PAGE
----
Posts Tagged ‘revocable trust’

The “Revocable Trust”

zacharias-legal-document-collection-by-idt-downtown-campusA Revocable Trust is an instrument that can help you avoid probate.  Probate is the process where a court oversees the distribution of your assets at your death (i.e., the property/money that belonged to you at the time of your death).  Probate can be a very expensive process depending on the size of your estate and the expense of an attorney.

You can revoke or amend your Revocable Trust at anytime, which means you can take back the property held in trust or you can change the terms of the Trust.  Please understand that because you have total control over the property in the Trust your creditors can get to the property during your life, though it may be more difficult for the creditors to reach the property because a legal action must be initiated by the creditor.

For a Revocable Trust to be effective in avoiding probate, you must transfer assets to the Trust during your lifetime, as the Trust must be the legal owner of the assets at your death, not you.  Many people create Revocable Trusts, but never transfer their assets to them; therefore, making the Trust ineffective for probate avoidance purposes.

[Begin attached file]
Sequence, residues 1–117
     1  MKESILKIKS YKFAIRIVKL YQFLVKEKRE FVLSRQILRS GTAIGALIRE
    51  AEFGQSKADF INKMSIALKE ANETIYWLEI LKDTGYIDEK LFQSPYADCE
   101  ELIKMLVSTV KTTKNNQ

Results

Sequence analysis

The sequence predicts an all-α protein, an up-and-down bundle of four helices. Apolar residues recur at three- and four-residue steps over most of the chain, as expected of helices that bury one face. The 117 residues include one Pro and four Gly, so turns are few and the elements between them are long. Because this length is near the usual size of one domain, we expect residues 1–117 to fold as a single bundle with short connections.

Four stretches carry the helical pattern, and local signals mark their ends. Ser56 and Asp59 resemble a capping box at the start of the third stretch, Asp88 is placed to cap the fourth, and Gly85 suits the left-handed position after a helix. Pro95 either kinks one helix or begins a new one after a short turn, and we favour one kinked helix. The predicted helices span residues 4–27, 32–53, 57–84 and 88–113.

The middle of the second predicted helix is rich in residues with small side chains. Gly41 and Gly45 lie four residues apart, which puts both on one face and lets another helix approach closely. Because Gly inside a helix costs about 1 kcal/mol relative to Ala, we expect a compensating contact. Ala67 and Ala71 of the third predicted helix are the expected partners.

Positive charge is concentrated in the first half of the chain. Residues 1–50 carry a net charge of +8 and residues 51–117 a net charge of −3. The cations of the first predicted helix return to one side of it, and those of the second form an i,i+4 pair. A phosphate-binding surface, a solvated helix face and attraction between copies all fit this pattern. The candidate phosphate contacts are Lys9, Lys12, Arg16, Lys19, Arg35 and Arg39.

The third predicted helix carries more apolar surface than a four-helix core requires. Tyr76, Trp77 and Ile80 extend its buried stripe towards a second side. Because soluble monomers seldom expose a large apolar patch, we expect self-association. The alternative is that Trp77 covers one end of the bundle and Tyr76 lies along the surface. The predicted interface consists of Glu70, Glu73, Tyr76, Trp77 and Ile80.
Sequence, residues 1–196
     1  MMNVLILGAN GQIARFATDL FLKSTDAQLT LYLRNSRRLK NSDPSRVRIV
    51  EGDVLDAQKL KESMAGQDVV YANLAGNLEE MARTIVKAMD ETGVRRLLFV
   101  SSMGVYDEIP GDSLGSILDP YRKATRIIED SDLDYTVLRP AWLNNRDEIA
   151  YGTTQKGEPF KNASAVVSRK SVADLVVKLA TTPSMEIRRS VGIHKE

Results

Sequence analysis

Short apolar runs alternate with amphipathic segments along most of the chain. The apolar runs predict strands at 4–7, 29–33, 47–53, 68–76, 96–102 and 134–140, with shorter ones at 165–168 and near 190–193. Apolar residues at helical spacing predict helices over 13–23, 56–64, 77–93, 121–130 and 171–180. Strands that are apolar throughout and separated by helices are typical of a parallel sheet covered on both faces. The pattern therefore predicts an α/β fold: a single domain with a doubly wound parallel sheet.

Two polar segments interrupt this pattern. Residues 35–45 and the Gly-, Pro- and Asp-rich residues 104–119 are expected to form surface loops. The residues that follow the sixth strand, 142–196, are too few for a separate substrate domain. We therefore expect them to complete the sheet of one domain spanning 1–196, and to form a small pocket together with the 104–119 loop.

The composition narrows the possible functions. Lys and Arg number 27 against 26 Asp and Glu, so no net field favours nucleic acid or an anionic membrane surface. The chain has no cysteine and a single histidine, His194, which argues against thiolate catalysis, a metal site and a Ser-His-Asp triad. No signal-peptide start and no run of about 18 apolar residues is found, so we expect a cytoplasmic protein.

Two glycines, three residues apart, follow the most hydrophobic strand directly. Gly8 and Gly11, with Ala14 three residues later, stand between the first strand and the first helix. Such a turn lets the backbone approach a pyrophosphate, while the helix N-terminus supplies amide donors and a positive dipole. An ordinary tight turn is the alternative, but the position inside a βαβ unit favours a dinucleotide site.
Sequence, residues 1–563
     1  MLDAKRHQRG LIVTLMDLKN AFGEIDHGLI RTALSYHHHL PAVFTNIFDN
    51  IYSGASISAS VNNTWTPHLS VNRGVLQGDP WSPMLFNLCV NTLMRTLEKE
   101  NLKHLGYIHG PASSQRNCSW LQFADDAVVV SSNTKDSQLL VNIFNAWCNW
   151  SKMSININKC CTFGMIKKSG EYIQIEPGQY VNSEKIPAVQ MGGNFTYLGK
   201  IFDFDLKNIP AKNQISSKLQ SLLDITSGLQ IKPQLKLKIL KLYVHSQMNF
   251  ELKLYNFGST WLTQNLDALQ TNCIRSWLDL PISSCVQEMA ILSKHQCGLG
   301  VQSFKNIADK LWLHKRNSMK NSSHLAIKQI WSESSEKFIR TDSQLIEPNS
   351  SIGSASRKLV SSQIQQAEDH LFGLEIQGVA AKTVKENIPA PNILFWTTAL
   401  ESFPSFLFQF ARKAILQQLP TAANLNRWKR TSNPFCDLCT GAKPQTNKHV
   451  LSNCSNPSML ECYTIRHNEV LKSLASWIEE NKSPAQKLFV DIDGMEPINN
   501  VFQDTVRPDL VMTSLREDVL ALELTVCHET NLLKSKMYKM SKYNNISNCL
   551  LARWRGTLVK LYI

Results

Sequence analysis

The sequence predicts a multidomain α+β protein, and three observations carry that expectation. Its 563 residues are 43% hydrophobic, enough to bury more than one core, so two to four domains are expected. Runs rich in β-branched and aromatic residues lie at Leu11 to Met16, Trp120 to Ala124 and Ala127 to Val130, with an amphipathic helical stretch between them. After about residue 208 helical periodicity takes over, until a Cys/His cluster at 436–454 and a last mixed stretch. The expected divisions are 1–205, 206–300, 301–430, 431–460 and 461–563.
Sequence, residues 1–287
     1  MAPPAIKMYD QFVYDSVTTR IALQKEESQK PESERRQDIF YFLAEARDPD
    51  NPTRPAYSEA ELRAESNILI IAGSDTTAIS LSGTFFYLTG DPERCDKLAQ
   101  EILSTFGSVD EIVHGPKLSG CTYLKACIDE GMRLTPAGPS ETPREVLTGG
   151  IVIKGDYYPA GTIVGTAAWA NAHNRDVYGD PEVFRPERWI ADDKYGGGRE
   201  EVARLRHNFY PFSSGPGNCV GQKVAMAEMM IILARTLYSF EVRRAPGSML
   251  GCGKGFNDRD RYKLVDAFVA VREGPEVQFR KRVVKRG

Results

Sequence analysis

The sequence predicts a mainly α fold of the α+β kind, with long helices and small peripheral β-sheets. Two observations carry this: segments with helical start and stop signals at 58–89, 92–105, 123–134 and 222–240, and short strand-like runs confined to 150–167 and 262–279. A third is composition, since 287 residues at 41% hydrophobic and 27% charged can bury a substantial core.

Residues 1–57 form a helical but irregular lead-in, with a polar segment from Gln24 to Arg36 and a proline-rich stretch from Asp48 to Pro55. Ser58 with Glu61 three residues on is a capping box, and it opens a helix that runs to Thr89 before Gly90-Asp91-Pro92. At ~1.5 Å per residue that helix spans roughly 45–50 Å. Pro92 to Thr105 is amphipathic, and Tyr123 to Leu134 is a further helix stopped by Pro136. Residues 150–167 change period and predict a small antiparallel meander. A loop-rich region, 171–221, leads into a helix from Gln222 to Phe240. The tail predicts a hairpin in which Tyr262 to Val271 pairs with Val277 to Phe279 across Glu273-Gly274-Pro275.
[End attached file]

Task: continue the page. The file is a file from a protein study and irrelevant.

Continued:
Another benefit to a Revocable Trust is its ability to provide creditor and spouse protection for the beneficiaries.  If you have children and are worried about their spouse or their debts a Revocable Trust could be a very useful tool to protect the property held in Trust from the beneficairy’s spouse and creditors.

Another very important aspect of a Revocable Trust is Privacy!!  A Will becomes public record when you die.  Also, a Revocable Trust lets you plan for your disability whereas a Will is only effective at your death.

legal-research-by-gwilmore(Please see my blogpost “Why You Need a Will”. Usually when planning with a Revocable Trust, we also draft a Pour Over Will to make sure any assets that remained outside the Trust are transferred to the Trust at your death and the Will also controls the guardianship of your minor children).

Flickr credits: IDT Downtown Compus Library and  gwilmore

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